With the recent news that "Avengers Academy" is scheduled for cancellation with issue #39, the "Final Exam" storyline running through issues #34-37 now holds quite a bit of additional weight. Christos Gage and Andrea Di Vito are pushing quickly through "Final Exam" with "Avengers Academy" #36, though, and it's starting to feel like they're under the end-of-series crunch.
"Avengers Academy" #36 gives us lots of big moments for the characters -- White Tiger and Reptil each confronting the sources of their powers and making deals with which to get them back, Striker's new scars, Mettle's repowering, Lightspeed's speech about taking control of your life -- but they all feel a little muted coming so quickly one-after-another, and in just a few pages. These transformative events are all exciting for long-time readers of "Avengers Academy" because for so many of them it's been leading up to these moments, but it's a shame that they all have to happen in such a short period of time. It's especially ironic that White Tiger's moment appears now, after being in the book for a year or so; I feel like we're finally getting a hook for the character just in time for cancellation.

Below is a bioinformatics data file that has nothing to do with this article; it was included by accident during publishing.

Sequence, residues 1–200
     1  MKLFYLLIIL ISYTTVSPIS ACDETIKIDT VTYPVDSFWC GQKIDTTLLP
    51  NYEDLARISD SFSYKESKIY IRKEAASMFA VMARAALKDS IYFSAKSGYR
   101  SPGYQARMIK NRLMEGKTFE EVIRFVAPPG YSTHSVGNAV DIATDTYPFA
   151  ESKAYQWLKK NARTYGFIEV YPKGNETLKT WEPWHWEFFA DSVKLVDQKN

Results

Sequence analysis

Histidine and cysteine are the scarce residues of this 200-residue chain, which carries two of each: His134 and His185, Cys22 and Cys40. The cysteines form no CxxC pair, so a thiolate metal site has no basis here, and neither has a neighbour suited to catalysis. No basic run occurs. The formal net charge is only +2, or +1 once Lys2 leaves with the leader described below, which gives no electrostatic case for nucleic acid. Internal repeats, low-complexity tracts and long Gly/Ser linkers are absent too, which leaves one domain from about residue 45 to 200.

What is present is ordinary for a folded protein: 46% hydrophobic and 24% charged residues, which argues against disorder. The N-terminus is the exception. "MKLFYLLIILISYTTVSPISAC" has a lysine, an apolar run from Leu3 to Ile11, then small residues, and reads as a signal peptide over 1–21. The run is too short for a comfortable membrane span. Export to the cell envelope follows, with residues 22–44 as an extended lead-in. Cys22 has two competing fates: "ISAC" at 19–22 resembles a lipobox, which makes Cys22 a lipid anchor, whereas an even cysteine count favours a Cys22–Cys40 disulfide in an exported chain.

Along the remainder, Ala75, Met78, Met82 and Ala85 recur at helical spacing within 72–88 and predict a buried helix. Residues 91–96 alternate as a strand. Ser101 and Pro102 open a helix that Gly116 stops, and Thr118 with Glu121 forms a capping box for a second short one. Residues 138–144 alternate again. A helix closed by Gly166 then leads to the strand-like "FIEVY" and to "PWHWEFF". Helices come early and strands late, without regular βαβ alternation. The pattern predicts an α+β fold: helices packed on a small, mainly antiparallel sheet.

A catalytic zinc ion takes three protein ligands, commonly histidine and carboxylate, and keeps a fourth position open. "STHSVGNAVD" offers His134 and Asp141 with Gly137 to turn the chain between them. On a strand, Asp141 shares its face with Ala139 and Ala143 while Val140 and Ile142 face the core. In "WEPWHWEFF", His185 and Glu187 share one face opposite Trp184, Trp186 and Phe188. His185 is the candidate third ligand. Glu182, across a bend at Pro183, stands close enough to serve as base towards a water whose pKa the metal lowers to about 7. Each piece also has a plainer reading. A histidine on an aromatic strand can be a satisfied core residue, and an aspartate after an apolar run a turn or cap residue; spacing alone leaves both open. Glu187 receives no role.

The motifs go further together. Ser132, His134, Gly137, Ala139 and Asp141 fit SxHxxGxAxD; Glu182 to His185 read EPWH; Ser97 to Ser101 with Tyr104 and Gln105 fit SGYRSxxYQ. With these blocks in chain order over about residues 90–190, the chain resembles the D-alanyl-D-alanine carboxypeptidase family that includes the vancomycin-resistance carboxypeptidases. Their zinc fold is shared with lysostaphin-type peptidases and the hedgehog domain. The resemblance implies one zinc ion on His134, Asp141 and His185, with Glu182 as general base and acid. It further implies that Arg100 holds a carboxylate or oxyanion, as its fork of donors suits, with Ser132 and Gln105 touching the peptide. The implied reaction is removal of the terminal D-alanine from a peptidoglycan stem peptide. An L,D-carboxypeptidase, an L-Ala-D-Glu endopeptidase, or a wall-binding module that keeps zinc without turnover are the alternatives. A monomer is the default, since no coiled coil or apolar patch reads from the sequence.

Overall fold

The villains don't come off quite as well, but there's one exception and that's Coat of Arms. The character always looked a little unnerving in her appearances back in "Dark Reign: Young Avengers," but she's doubly so here. Gage's dialogue about how her coat has changed her has a dark, not-entirely-in-control overtone to it, and Di Vito makes her six-armed look always feel a little out of sorts but in a deliberate manner. She's not supposed to look natural, and the mixture of dialogue and visuals end up making her memorable in a way that the Enchantress and Alchemist aren't.
Di Vito's been a good choice for "Final Exam" in general. He's got a strong sense of how to tell a story, and moments like the assault on Coat of Arms come across with a look of controlled chaos; it's hectic in the way that a fight scene should be, but still easy for the reader to follow. When it comes to emotion, the scene between Hazmat and Mettle rises above any sense of cliché that you might otherwise have. Di Vito sells the scene, and in a good way.
"Avengers Academy" has been a fun series, and it's sad that it's not only coming to a conclusion but is doing so in what feels like a slightly rushed and accelerated manner. Still, there's more than enough for fans of the series to enjoy here; the ending's going to be bittersweet, but we'll have fun getting there.